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Description

Maureen O’Sullivan explains the reason why her father, Marcus O’Sullivan, was brought up in England though he was born in Cork. He was training to become a teacher in London during WWI, but when conscription was introduced in 1917 his father sent him to the USA. There he met John Devoy and other republicans. His father, John Marcus O’Sullivan, had strong republican connections. Maureen O’Sullivan’s mother Molly was born in Annascaul in Co. Kerry. In 1910 she began her nursing training in London but did not continue her studies and became a companion to two elderly ladies in Kensington. She joined the Gaelic League where she learned Irish and where she also met Michael Collins. Molly sang at the Gaelic League concerts where she met Marcus O’Sullivan who played the violin. She travelled to New York in 1916 and again met Marcus there. Liam, their eldest child, was born in February 1918, Séamus a year later and Maureen arrived in 1930. Marcus was working on the Irish newspaper The Gaelic American in New York where his bosses were John Devoy and Diarmuid Lynch. Maureen recalls the Friends of Irish Freedom in New York, an organisation which fundraised for the Irish cause, and Diarmuid Lynch was very much part of this. She discusses Lynch’s return to his home in Minane Bridge in Co. Cork, and de Valera’s refusal to grant him a pension until later years. Molly and Marcus O’Sullivan remained loyal to Michael Collins and Maureen remarks that Molly always travelled to Béal na Bláth for the annual commemoration there. She explains that in 1919 some English butter companies had bypassed the American embargo on the importation of English butter by setting up businesses in Cork. Her grandfather, who was born in Firies, near Killarney worked as a labourer for Lonsdales Butter Factory in Cork. He was invited to work for the company in Liverpool, and through this connection he later set up the Central Packing Company at 3, Church Street in Cork. The company bought country butter from all over Cork and Kerry and packed it for export. His home in Victoria Road, where he lived with his wife Lydia, was a safe house which was raided several times by the Black and Tans. During this time Molly O’Sullivan and her sons stayed in the house while on holiday from the USA, and Maureen describes an incident when the boys were caught in crossfire. Molly O’Sullivan had been a member of Cumann na mBan in New York and her sash and membership card are at the Military Museum in Collins Barracks in Cork. She is buried in the family plot, as is John Marcus O’Sullivan and several others whom Maureen remembers. Maureen’s paternal grandmother Lydia (née Beasley) O’Sullivan had been active in the Irish cause in Liverpool. On leaving the city, she and John Marcus were presented with an illustrated scroll and a cash gift which they gave to the Irish cause. During the War of Independence their sons Joe and John were held in Cork Prison at Sunday’s Well and Lydia brought food to them daily. She was born in Brinny, Upton in Co. Cork. She was a member of Inghinidhe na hÉireann and Maureen used to have her brooch with a letter from Maud Gonne certifying her membership. Lydia died in 1924 and is buried near the Republican plot at St Finbarr’s Cemetery in Cork. In 1923 John Marcus O’Sullivan was elected Cumann na nGaedheal/ Fine Gael TD for Kerry North on several occasions and served as Minister for Education from 1926 to 1932. Maureen recalls her parents’ backroom involvement in Fine Gael. It is important to her that the part played by ordinary people is recognised. Her parents always remained loyal in their support of the Treaty though they desired a thirty-two county Ireland. She recalls a photograph of her mother, with her young son Liam, marching under a banner which declared “England, Damn your Concessions. We want our Freedom” on St Patrick’s Day in New York 1920. She returned from America in 1921 and Marcus returned in 1924. Maureen has many of her parents’ letters from this time. The letters written between Marcus O’Sullivan, his father John Marcus and brother Joe are available for viewing at the Collins Barracks Museum. Joe’s son, John Kevin, has a keen interest in family history, Maureen explains. His mother, Kathleen Brown from Newmarket, was also imprisoned for her activities in Britain before her marriage. A stand-up row between Molly O’Sullivan and Mary McSwiney on one occasion is described. Maureen feels that the McSwiney women and others put pressure on de Valera to reject the Treaty, and thus began the Civil War. Liam Mellows was the godfather of Maureen’s brother Liam O’Sullivan. He and Pádraic Colum moved in the same Irish circle as the O’Sullivans in New York. Maureen reflects on the Irish in New York and their activities for the cause, saying that Diarmuid Lynch raised a great amount of money which was sent back to Ireland for the purchase of ammunition. His step-brother Denis and his wife Alice were very friendly with Marcus and Molly O’Sullivan, and Maureen remembers them well as “Uncle Denis and Auntie Alice.” She recalls a story told to her by her father about John Devoy’s return by liner from New York to Cobh and his high emotion on that occasion. Maureen’s parents died in the 1960s. Her two late brothers Liam and Seán were born in New York. Liam worked as a draughtsman in tank design in London during WWII. Towards the end of the war he joined the American Merchant Service and served in Germany before returning to America to work as an engineer. Seán also studied engineering and served in the merchant navy in Northern Ireland and in the USA. He was torpedoed twice during WWII. He served as second engineer on the first liner to come into Cork after the war. Maureen explains that when she was 23 she contracted polio, at a time when she was working in the Health Section of Cork Co. Council. She discusses her diagnosis, treatment and recovery. Her work with the Post Polio Support Group, the COPE Foundation, both voluntarily as a Director and employed as a Hostel Housemother with the Brothers of Charity at Lota and with the Irish Countrywomen’s Association as Director of An Grianán is outlined, as is the development of the diploma course for childcare workers at CIT.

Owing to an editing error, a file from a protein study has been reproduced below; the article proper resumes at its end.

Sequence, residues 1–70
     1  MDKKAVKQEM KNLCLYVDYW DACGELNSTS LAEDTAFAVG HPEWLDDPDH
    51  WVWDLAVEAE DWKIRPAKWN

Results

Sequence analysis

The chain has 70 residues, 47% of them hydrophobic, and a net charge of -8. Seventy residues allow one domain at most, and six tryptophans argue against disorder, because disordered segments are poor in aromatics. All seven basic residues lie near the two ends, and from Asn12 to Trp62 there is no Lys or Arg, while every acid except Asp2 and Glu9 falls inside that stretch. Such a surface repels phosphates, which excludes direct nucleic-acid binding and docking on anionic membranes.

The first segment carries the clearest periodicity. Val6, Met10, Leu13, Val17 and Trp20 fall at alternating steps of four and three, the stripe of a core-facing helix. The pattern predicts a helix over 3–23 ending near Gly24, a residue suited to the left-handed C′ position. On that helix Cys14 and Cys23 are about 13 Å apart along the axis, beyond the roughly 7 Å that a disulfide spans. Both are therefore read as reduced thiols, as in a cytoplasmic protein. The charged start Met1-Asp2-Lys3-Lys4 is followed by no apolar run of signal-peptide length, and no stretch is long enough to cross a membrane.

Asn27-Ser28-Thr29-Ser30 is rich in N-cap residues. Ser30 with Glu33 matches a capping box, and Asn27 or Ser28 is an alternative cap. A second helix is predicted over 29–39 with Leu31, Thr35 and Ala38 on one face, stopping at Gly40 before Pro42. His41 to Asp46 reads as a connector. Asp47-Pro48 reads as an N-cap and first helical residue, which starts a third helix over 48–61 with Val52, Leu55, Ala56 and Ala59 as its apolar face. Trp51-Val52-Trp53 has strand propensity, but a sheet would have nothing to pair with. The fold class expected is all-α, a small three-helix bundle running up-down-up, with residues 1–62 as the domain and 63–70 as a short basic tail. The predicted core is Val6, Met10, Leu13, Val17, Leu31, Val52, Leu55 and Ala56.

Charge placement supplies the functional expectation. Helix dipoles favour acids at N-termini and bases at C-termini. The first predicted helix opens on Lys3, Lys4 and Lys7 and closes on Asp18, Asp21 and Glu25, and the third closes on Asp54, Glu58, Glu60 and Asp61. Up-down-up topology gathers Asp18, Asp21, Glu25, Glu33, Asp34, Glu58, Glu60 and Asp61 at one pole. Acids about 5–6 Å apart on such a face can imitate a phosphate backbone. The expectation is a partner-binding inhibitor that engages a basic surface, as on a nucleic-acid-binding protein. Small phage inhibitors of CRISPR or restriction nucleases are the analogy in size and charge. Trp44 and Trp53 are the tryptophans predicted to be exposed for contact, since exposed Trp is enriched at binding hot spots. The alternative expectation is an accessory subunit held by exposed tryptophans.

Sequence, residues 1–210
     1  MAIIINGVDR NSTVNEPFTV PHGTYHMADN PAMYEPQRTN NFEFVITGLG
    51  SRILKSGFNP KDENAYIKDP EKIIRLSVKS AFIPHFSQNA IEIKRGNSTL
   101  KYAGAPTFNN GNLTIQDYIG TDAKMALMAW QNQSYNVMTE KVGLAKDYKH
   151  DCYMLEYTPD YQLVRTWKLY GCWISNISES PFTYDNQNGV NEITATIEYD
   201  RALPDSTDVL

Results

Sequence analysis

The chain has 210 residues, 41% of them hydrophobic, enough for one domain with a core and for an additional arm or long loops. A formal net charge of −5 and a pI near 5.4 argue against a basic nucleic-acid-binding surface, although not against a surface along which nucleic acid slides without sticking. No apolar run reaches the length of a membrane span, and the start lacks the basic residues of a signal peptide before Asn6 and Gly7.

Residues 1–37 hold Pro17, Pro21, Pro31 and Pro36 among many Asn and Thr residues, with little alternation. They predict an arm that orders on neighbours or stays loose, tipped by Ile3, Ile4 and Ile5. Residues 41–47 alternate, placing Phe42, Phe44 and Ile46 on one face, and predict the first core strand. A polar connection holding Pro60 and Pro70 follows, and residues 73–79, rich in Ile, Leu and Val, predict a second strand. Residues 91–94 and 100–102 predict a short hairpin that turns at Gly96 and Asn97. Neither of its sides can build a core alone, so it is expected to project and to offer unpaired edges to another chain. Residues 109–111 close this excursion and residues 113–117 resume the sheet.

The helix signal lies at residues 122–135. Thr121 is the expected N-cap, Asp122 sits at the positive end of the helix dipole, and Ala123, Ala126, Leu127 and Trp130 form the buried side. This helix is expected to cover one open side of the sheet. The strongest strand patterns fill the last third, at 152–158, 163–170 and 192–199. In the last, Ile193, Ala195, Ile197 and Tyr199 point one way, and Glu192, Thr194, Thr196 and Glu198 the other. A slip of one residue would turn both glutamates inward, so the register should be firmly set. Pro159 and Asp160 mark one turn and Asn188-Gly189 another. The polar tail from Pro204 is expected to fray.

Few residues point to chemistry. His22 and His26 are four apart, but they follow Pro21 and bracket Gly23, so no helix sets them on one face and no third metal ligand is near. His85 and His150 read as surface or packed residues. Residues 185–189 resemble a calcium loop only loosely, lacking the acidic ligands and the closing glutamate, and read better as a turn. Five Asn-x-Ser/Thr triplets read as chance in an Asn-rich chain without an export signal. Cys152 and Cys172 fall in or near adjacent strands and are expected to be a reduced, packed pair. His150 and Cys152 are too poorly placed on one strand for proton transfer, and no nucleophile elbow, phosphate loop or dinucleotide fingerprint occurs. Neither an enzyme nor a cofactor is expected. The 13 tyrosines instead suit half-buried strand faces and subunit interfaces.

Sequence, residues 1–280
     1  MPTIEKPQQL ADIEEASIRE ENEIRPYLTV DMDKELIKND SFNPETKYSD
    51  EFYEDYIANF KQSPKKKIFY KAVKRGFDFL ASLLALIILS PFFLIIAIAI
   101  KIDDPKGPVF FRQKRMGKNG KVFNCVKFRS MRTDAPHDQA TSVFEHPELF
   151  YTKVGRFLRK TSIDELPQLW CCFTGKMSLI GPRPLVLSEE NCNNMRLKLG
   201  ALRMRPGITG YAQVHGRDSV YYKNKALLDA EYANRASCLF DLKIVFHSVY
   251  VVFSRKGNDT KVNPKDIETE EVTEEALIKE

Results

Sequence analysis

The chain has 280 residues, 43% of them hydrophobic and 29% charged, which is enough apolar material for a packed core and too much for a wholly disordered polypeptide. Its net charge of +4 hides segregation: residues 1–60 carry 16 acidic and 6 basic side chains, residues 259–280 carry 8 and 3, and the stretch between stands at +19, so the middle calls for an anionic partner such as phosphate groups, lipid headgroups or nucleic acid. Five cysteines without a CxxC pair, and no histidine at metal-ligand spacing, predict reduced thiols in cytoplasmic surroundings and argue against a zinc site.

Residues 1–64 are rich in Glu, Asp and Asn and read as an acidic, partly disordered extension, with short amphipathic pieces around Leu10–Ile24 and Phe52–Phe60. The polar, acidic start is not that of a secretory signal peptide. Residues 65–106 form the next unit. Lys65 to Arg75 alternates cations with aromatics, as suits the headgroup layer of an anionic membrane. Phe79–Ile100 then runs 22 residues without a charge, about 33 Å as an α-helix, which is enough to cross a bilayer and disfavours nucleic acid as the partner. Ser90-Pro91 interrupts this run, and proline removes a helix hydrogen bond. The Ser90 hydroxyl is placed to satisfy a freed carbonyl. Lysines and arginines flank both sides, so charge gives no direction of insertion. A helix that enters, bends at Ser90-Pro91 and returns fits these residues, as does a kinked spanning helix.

Additional information

Type:

Disk, MP3

Audio series:

The 1916 Rising Oral History Collections

Bitrate:

128 kbps

Download time limit:

48 hours

File size(s):

44.38 MB

Number of files:

2

Product ID:

CD191602-125

Subject:

Marcus A. O’Sullivan (Interviewee’s father), John Marcus O’Sullivan (Interviewee’s grandfather)

Recorded by:

Maurice O’Keeffe – Irish Life and Lore